More articles by Phillip López Jiménez

I’ll admit that the very early films of the silent era are for the most part only interesting if you’re a film buff. They basically filmed stage melodramas or interesting curios like Georges Méliès Trip To The Moon. Silent pictures really didn’t become truly entertaining until the end of that era, in fact, I would say 1927 would be the best year for silent pictures as the filmmakers had finally gotten the format down and were able to move the camera around and really do some innovative stuff. This last period of silent cinema is really worth checking out.

Wings (1927) Paramount Pictures

D. William Wellman
Starring Clara Bow Richard Arlen and Gary Cooper

If you saw the Michael Bay film Pearl Harbor then you know the plot of Wings, lovers triangle, WWI flying scenes that are incredible minus the CGI; director William “Wild Bill” Wellman was a WWI flying ace himself and shot a lot of this footage while flying in bi-planes.

This non-flying clip here at a cafe in Paris would make Martin Scorsese envious, this in 1927! You don’t see this kind of virtuosic filmmaking even today. Wings would go on to win the first best picture Oscar in 1929.


The Cat and The Canary (1927)

D. Paul Leni
Starring Laura La Plante, Creighton Hale, Gertrude Astor

Also from 1927 is Paul Leni’s Cat and The Canary. If you like laughs with your screams this a great one. It’s an old dark house picture which they don’t really make anymore, think of Scooby Doo and you’ll understand the genre. What makes this entertaining is how quickly director Leni moves his picture along and his use of intertitles, the cards that tell the story, they are often boldly animated, like when the word HELP! comes out of actress Gertrude Astor’s mouth. With Halloween coming up this would be a fun one to watch with the kiddies and get ’em started on vintage cinema.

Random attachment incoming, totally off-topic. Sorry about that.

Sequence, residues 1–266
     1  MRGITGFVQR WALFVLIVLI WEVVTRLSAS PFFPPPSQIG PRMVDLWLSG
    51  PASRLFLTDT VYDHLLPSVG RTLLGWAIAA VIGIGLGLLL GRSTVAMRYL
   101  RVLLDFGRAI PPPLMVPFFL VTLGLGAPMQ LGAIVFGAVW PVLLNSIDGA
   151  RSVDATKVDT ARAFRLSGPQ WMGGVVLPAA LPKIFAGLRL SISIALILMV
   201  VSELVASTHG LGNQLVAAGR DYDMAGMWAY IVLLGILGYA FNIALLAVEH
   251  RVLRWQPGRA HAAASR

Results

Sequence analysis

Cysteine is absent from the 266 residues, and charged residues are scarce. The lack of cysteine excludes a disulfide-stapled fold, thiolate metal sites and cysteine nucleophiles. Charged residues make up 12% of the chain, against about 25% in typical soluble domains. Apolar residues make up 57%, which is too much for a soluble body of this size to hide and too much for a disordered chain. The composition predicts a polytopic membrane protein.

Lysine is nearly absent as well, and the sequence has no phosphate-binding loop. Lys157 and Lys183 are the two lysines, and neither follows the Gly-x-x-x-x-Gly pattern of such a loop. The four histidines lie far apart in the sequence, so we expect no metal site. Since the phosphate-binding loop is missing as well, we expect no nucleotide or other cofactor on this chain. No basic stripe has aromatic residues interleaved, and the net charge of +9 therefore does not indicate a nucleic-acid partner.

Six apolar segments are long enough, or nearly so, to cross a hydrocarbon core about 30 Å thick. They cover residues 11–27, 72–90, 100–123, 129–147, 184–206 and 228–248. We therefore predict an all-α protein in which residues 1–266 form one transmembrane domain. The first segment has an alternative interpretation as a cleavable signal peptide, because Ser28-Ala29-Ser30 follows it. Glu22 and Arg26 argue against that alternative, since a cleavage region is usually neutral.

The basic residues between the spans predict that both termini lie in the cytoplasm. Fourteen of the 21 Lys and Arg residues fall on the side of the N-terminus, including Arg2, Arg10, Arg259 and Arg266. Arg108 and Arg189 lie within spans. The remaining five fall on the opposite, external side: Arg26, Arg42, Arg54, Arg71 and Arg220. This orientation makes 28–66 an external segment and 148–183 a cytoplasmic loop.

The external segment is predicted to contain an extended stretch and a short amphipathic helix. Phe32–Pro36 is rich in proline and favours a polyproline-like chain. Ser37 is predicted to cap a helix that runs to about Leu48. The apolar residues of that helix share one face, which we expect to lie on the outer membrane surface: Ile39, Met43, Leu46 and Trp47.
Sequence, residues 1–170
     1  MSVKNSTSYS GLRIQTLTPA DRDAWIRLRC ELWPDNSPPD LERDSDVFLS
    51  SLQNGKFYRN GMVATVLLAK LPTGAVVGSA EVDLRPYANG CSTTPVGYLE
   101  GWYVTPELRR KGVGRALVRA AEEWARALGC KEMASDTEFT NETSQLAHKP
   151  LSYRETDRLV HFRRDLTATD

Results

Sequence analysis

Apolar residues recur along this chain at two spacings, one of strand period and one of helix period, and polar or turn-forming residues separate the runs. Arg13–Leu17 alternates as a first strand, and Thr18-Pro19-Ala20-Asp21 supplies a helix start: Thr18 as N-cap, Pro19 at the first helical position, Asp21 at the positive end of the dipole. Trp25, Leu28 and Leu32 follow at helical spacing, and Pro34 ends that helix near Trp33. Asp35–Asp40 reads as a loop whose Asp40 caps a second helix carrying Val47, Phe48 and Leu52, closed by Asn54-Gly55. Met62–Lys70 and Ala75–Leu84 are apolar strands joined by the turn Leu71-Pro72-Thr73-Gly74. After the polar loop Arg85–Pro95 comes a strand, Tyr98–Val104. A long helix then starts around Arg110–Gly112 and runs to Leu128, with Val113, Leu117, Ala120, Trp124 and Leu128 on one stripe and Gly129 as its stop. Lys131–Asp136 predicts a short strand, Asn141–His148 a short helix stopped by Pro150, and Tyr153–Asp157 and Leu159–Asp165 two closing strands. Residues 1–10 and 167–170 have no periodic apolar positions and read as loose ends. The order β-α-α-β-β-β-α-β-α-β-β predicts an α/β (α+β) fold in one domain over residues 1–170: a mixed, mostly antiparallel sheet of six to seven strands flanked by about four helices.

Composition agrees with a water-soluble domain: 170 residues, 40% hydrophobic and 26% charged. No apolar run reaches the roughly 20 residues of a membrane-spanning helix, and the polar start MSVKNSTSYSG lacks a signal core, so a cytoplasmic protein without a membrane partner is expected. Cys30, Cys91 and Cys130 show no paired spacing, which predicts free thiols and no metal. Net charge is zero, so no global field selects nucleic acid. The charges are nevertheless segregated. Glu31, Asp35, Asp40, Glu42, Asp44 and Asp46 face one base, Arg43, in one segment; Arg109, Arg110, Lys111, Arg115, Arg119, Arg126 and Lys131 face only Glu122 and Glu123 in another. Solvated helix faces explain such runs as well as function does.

The Man Who Laughs (1928)

D. Paul Leni
Starring Conrad Veidt, Mary Philbin, Olga Baclanova

After Cat and The Canary, director Paul Leni returned the following year with what is perhaps the best silent film produced, The Man Who Laughs. Based on a Victor Hugo book, it tells the story of a young boy, Gwenplaine, whose given to a band thieves by a jealous king, who deform him by giving him a permanent grin.

The child escapes in the snow and finds a blind infant clutched in the arms of her dead mother. The two make off and find a circus man who then raises them. Gwenplaine grows up to be a famous performer and the infant grows to be a beautiful woman, Dea, whom he’s deeply in love with. A nobleman finds out who his parentage is and the plot thickens.

What makes this film so special are the incredibly massive sets, some of which would show up in Universal’s Monster pictures, the lush costumes. It really marks the beginning of the golden era of Hollywood, it’s definitely not an old static film, lots of close-ups wide-shots, dolly moves and crane shots.

Conrad Veidt’s performance is touching and often heart-wrenching and yes future Batman creator Bob Kane based the look of the Joker on him.

The General (1926)

D. Buster Keaton
Starring Buster Keaton, Marion Mack

The General is probably Buster Keaton’s best-known picture. The civil war has broken out and union soldiers steel Johnny Grey’s steam train, but this film isn’t about politics it’s about Keaton trying to get his train back and win over the love of his life. If you’re a fan of Jackie Chan and his insane stunt work you’ll love this.

Keaton does all his own incredible stunts with perfect comic timing and with a stone face, though you somehow always know how he’s feeling. I never get tired of watching this film, again it moves swiftly and Keaton always tells his stories visually, as cinema should, so you can follow without really needing the inter-titles.

Also check out: Nosferatu, The Unholy Three, Metropolis, and The Black Pirate.
Most of these films listed can be found on YouTube, though the quality isn’t very good. You can also find some of these at your local library on DVD and Blu-Ray. Also, quite a few libraries now have Kanopy which is a free streaming service if you’re a student or have a library card, The Criterion Collection just started letting Kanopy stream their films as well.

-Phillip López Jiménez